In this post ,will discuss logon Triggers in SQL Server. So when does a logon trigger fire? as the name implies logon triggers fire in response to a logon even. Logon triggers fired after the authentication phase of logging and finishes.
But before the user session is actually established, logon triggers can be used for tracking login and activity, restricting logging to SQL server, and limiting the number of sessions for a specific login.
Let’s understand these logon triggers with an example
What we want to do is write a trigger that’s going to limit the maximum number of open connections for a user to 4. If an attempt is made to make a 5th connection, then we should get an error message, as you can see here,
So it’s the logon trigger that’s blocking this attempt to make it 5th connection, let’s see, how to write?
we will be making use of sys.dm_exec_sessions View to achieve this. Basically, sys.dm_exec_sessions View contains information about all active user connections. So if you look at view, it has got a lot of columns and we are interested in two columns. The first one is, is_user_process and second one is original_login_name.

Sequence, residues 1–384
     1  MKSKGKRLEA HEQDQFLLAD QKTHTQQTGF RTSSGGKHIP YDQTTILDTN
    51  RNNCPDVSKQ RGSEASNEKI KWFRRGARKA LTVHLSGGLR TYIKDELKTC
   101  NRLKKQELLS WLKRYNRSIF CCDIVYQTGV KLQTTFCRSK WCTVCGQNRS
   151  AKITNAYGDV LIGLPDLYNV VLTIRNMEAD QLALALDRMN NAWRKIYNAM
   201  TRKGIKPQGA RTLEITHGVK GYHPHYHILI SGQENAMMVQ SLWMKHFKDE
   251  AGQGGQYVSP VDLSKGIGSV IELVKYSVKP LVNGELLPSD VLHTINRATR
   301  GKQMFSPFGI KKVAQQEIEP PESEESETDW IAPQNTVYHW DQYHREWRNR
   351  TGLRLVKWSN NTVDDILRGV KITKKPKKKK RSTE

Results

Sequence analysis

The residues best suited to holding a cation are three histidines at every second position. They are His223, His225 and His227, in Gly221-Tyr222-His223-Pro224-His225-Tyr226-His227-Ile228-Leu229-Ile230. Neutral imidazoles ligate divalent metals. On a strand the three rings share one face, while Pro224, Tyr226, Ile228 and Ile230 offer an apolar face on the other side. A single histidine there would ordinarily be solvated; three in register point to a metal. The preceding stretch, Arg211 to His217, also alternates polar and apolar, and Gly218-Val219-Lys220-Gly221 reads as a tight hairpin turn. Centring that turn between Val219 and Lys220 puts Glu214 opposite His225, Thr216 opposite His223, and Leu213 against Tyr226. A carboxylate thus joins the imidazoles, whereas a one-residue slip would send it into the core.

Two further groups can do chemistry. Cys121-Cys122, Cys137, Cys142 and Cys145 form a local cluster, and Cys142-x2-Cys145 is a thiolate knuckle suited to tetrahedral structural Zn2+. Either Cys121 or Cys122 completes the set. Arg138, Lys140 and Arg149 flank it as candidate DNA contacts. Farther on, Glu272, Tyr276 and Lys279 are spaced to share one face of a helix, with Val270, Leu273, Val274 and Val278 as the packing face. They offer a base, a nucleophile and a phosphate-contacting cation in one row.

So basically is_user_process column is going to tell us whether the connection is made using a user process. And the other column is original_login_name. Original_login_name column is going to contain the login name that made the connection.
And then I’m going to order data by login time and descending order so we will get the recent successful login information.
Now I can make 4 connections, but if I try to make a fifth connection, then we want to trigger, which is going to block that 5th connection.
So now, if you look at this trigger, what is this trigger doing?
It’s rolling back. So it’s preventing the attempt to make a fifth connection. And we are printing a message.
So where is this message, this error message going in? And it will actually be returned to the error log.
if you want to read the information from the error log, you can use this system stored procedure, sp_readerrorlog. So let’s go ahead and execute that system stored procedure.